I would have guessed that the Austin at St. Vibiana went somewhere with all pipework intact.
Well, a local builder did include a Wangerin wood Flute Celeste in a four manual and it sounded good...much better than the one at the seminary.
While jogging this morning I was thinking about some of the horror stories of that Wangerin during the two years I played it...like the ciphering at the 75th Anniversary rededication of the Chapel with the Cardinal and numerous bishops there.* (Cardinal George is an organist and happens to like the sound of this instrument, at least I like to think it was when I played it!* One go at the console or chambers is enough to change anyone's mind.)* Or the relays that wouldn't "make" the first time so one had to play it a while--and the poor unaware seminarians who would come rushing in, flip it on, and start playing the processional hymn for Masses, with more notes missing than sounding!!* (The music director would start conducting violently and give them dirty looks;* I couldn't help but laugh.)**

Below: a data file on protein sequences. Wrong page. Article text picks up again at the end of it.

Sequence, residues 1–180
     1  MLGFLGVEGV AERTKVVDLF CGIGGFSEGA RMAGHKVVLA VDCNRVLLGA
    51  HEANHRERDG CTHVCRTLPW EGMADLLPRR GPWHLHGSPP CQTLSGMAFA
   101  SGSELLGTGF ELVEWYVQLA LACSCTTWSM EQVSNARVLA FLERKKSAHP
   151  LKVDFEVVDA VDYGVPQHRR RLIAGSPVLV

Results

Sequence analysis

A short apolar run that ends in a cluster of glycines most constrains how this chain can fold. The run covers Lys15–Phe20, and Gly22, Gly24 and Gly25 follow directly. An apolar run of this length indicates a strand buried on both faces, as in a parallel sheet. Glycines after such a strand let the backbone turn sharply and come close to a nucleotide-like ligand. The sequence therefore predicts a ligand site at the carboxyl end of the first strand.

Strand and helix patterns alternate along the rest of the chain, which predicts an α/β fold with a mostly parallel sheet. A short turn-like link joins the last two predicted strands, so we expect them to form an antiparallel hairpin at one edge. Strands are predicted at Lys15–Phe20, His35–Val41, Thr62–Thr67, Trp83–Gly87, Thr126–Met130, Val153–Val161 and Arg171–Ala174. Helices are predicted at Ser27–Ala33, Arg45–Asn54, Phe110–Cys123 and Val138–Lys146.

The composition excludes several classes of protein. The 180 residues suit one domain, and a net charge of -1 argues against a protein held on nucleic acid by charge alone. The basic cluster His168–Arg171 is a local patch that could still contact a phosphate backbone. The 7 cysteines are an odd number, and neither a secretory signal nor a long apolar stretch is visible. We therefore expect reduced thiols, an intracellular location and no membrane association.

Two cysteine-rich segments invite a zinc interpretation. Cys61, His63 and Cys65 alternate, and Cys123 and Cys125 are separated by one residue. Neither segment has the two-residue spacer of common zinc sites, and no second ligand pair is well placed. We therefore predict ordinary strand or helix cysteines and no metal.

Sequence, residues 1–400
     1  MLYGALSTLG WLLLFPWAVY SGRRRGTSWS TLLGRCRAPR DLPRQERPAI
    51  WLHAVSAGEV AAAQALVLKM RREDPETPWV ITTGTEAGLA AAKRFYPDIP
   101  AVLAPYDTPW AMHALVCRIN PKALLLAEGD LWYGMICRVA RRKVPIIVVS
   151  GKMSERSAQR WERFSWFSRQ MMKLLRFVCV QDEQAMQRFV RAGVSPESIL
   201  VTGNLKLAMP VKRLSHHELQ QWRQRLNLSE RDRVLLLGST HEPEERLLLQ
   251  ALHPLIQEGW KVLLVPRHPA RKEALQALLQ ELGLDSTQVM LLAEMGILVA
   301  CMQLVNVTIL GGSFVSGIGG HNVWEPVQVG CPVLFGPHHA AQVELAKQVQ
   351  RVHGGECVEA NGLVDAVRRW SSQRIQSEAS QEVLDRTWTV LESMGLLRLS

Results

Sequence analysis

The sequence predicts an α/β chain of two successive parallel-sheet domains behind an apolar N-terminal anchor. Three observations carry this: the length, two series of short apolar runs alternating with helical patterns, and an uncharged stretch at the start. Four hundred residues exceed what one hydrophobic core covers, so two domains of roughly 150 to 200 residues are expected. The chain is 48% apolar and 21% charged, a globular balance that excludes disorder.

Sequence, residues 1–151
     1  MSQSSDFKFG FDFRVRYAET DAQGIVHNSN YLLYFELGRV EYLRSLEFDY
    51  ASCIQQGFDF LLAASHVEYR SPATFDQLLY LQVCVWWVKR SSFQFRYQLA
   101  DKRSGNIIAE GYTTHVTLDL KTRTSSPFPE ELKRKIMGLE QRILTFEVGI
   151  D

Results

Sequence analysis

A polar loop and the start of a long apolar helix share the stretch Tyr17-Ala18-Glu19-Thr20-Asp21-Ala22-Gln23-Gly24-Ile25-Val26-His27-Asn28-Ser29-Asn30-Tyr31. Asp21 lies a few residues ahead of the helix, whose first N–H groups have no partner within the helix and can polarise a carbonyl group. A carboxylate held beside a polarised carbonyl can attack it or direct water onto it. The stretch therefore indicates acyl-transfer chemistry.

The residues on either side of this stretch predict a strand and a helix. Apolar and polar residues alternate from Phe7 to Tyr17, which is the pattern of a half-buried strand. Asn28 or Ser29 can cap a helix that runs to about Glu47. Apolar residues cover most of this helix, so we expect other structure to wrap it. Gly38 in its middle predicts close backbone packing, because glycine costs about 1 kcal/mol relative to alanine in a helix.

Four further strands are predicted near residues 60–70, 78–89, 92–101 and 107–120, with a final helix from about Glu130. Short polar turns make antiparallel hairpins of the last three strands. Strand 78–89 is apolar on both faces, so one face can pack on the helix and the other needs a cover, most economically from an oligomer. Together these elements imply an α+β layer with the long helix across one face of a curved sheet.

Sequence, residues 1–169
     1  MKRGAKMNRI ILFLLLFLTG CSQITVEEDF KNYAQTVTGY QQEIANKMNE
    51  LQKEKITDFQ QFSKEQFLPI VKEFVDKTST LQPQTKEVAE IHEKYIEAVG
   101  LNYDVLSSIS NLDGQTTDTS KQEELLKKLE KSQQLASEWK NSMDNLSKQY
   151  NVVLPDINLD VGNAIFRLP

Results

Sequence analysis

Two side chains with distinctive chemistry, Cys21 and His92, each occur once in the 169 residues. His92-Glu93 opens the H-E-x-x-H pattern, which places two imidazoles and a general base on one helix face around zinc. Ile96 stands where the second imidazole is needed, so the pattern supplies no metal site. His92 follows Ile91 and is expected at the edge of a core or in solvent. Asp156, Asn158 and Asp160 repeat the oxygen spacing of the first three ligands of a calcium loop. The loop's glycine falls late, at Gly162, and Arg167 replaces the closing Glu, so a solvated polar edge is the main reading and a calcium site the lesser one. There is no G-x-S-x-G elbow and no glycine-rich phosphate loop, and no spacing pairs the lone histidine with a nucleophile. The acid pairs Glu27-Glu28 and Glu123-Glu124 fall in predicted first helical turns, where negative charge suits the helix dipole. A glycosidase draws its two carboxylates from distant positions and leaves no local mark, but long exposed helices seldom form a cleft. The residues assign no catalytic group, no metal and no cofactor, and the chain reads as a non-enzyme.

The seminary had a long-abandoned 8 rank Kilgen in a meeting room that still worked pretty well, except for pipes vandalized over the years by seminarians.* That has been removed.
Also, there is a IV/20 theater organ in the Auditorium.* The console was Jesse Crawford's console at the Chicago Theater, while the one remaining at the Chicago Theater was the one played by his wife.* (So goes the legend.)* Wouldn't you know, the last time I played that for a convocation (complete with Cardinal and bishops) it had multiple ciphers before the program.* I was able to clear them by turning it off and on, making it through the convocation without a single honk or whistle.* The Brass Trumpet made a nice solo reed against the Great, just as a Tuba or en chamade would.* I was tempted to use the vorsetzer (on an old Baldwin L) to accompany the choir on the Psalm, obviating the need to climb off the console.
When I would return to the seminary there was one place I felt at home--at the 1924 Wangerin!!